Truthfully, I could sit here all day and type the gazillions of reason’s why my heart is filled with thanksgiving…but for brevity’s sake (and your sanity!) I won’t!!!
What I will share with you is a personal story.
My parents separated before--and divorced soon after--I was born. The reasons were many, varied, and too personal to get into. I tell you this so you will know I was raised by a single mother in a time when a divorced woman with a child was still looked upon as anathema by our society.
She never graduated from high school, had no marketable job skills, didn’t drive, and child support/alimony was a joke because my father rarely paid it.
Now, you might think this story goes on to say that we became recipients of welfare, or what was called back then relief, that we struggled, lived in a tenement, starved, etc.
And you’d be wrong.
My mother, my uneducated, unskilled mother, NEVER took a dime from anyone. Not the government (and she really would have qualified for assistance); she never asked for help from her family (who practically disowned her because she was * gasp * a divorced Catholic ), or anyone else. She always said she was young, strong, and willing to work, and there was someone else who needed the help--and the hand out--more than we did.
So, yes, we ate mayonnaise sandwiches sometimes for dinner because that’s all she could afford to buy that week. And yes, we never took trips, went shopping, or even out for lunch or dinner. A big day out for us was to ride the Staten Island ferry to Manhattan and back again, or to go to the local library and see one of the free movies they were showing on a rainy Saturday afternoon.
We may not have had much, but we always had a roof over our heads, she made sure of that. It may not have been in the greatest neighborhood, and the rent may have been more than she could really afford, but we were safe, had clothes on our backs, and food in our stomachs. All on a minimum wage job that practically broke her physically, but that she always thanked God for that she had.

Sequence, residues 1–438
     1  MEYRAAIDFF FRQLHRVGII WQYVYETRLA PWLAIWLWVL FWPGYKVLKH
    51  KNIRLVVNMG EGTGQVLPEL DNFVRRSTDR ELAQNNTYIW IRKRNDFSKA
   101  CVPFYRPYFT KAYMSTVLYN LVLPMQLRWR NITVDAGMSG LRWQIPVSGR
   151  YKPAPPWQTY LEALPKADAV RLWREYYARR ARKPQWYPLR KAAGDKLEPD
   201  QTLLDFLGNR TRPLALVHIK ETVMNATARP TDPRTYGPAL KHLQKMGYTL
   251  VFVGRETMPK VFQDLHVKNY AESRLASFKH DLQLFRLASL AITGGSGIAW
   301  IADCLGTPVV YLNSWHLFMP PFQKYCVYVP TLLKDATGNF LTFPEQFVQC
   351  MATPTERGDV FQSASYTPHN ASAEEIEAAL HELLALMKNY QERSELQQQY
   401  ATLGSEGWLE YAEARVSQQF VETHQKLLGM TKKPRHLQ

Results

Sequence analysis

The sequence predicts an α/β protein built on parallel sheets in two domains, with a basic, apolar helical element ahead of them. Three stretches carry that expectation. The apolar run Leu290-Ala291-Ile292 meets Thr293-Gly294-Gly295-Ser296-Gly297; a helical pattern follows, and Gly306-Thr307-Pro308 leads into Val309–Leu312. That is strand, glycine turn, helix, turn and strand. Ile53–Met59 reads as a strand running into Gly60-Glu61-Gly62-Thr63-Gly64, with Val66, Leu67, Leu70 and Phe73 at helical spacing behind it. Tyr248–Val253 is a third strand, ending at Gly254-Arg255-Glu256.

And when she lost one job, she always went out and found another immediately. She never let the stress show; never became doleful, woeful, or morose about her lot in life. She persevered. She pushed through. She never gave up.
So what am I thankful for today?
I’m thankful I had a mother who taught me the meaning of hard work. I’m thankful I had a mother who taught me that inconsequential personal possessions weren’t necessary to be happy. I’m thankful I had a mother who sacrificed her own personal aspirations, desires and dreams in order for me to have a chance at fulfilling my own. And I’m thankful I had a mother who realized – and taught me – that education was the way out of poverty and lack.
They say no sacrifice is too great for a parent with regards to their child. My mother proved that saying is true. She taught me- firsthand- family comes first, last and always.
And for that, I am thankful in more ways than I can state.
Because family means everything to me – I learned that at my mother’s side – I write about families. Because I learned how to be a strong woman from one, I write about strong women. Because my mother finally found a man who cherished her enough to take her and her child on, love them, and support them, I write about men with that kind of character.
And because of my love of families, I’m giving one reader an e-copy (KINDLE) of my holiday release, A KISS UNDER THE CHRISTMAS LIGHTS- a story about a large, loud, and loving Italian/American family – if you can tell me what your favorite Thanksgiving family tradition is. I’ll pick one winner from the comments/responses I receive.